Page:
To see for yourself the product, or end results, of an AI system, check out the Visual Chatbot online. It’s free. It’s fun.
This app invites you to upload any image of your choice. It then generates a caption for that image. As you see above, the caption is not always 100 percent accurate. Yes, there is a dog in the photo, but there is no statue. There is a live person, who happens to be a soldier and a woman.
You can then have a conversation about the photo with the chatbot. The chatbot’s answer to my first question, “What color is the dog?”, was spot-on. Further questions, however, reveal limits that persist in most of today’s image-recognition systems.
The chat is still pretty awesome, though.
The image appears in chapter 4 of in Artificial Intelligence: A Guide for Thinking Humans, where author Melanie Mitchell uses it to discuss the complexity that we humans can perceive instantly in an image, but which machines are still incapable of “seeing.”
In spite of the mistakes the chatbot makes in its answers to questions about this image, it serves as a nice demonstration of how today’s chatbots do not need to follow a set script. Earlier chatbots were programmed with rules that stepped through a tree or flowchart of choices — if the human’s question contains x, then reply with y.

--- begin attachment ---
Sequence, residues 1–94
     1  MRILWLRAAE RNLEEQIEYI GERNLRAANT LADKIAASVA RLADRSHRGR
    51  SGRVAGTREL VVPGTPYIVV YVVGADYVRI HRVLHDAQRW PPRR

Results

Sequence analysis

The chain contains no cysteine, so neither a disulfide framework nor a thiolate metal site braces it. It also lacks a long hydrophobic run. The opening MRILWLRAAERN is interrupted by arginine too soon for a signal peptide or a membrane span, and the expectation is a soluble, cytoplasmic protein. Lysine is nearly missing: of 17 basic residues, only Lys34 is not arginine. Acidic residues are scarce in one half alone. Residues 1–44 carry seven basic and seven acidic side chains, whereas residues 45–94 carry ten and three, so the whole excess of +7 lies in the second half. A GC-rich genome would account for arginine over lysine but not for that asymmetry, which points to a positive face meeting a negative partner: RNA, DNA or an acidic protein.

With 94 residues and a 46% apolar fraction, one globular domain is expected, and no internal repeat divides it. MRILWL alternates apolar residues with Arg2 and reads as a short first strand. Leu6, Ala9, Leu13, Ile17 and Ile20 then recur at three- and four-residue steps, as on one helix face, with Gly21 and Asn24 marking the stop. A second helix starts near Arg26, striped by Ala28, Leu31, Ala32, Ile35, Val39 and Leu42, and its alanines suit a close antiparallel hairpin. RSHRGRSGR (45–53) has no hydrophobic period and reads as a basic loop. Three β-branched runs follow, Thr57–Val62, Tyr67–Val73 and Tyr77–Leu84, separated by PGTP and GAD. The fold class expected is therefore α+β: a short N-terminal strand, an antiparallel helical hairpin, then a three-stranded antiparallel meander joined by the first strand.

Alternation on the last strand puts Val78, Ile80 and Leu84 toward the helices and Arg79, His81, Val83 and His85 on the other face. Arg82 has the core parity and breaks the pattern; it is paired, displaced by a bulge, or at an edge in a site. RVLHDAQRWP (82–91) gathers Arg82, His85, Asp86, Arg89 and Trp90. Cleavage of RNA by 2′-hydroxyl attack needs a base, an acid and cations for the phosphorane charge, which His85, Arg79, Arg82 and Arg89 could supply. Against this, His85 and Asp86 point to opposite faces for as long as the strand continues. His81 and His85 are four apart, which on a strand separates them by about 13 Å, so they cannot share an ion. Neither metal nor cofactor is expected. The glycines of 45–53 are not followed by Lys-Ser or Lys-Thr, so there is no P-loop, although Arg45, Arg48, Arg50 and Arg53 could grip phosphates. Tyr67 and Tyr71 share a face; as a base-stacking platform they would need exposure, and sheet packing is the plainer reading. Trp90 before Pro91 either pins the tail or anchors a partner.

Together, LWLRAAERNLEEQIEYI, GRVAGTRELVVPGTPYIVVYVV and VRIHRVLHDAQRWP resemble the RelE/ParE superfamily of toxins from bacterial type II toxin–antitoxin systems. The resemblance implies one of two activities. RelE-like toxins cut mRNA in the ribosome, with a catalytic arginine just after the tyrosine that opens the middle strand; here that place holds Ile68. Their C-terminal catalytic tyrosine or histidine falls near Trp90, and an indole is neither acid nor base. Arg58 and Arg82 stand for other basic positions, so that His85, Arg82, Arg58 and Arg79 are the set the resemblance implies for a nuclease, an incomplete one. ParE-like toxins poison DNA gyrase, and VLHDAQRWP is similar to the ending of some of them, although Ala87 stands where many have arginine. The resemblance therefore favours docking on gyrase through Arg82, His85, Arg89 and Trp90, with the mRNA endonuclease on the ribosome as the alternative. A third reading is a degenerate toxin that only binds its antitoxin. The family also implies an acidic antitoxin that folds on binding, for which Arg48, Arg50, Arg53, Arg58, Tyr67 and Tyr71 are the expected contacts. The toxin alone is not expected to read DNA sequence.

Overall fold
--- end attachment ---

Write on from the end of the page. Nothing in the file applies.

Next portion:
You can see more info about Visual Dialog if you’re curious about what the Visual Chatbot entails in terms of data, model, and/or code.
Below you can see some more questions I asked, with the answers from Visual Chatbot.
Some of my favorite wrong answers are on the last two screens. Note, you can ask questions that are not answered with only yes or no.
AI in Media and Society by Mindy McAdams is licensed under a Creative Commons Attribution-NonCommercial-NoDerivatives 4.0 International License.
Include the author’s name (Mindy McAdams) and a link to the original post in any reuse of this content.